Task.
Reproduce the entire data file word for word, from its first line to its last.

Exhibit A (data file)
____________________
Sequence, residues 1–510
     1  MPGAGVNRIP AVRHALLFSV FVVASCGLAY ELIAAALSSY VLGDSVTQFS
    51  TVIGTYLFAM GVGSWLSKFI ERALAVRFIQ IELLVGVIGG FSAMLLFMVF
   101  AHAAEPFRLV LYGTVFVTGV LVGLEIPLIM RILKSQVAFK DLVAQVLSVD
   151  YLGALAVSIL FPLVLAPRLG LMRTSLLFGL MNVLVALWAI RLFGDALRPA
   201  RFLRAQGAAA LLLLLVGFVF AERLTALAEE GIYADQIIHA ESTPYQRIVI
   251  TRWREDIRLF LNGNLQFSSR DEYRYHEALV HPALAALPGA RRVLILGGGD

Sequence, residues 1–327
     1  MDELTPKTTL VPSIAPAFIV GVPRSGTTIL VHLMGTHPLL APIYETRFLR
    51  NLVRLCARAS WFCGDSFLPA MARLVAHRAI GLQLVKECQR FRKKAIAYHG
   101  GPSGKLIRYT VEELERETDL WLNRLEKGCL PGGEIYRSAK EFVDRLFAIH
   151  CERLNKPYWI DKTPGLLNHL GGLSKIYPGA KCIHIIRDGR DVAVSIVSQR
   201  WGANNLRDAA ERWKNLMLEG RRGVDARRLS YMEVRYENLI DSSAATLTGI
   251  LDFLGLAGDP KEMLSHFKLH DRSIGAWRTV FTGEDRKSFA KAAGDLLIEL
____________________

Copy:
Sequence, residues 1–510
     1  MPGAGVNRIP AVRHALLFSV FVVASCGLAY ELIAAALSSY VLGDSVTQFS
    51  TVIGTYLFAM GVGSWLSKFI ERALAVRFIQ IELLVGVIGG FSAMLLFMVF
   101  AHAAEPFRLV LYGTVFVTGV LVGLEIPLIM RILKSQVAFK DLVAQVLSVD
   151  YLGALAVSIL FPLVLAPRLG LMRTSLLFGL MNVLVALWAI RLFGDALRPA
   201  RFLRAQGAAA LLLLLVGFVF AERLTALAEE GIYADQIIHA ESTPYQRIVI
   251  TRWREDIRLF LNGNLQFSSR DEYRYHEALV HPALAALPGA RRVLILGGGD

Sequence, residues 1–327
     1  MDELTPKTTL VPSIAPAFIV GVPRSGTTIL VHLMGTHPLL APIYETRFLR
    51  NLVRLCARAS WFCGDSFLPA MARLVAHRAI GLQLVKECQR FRKKAIAYHG
   101  GPSGKLIRYT VEELERETDL WLNRLEKGCL PGGEIYRSAK EFVDRLFAIH
   151  CERLNKPYWI DKTPGLLNHL GGLSKIYPGA KCIHIIRDGR DVAVSIVSQR
   201  WGANNLRDAA ERWKNLMLEG RRGVDARRLS YMEVRYENLI DSSAATLTGI
   251  LDFLGLAGDP KEMLSHFKLH DRSIGAWRTV FTGEDRKSFA KAAGDLLIEL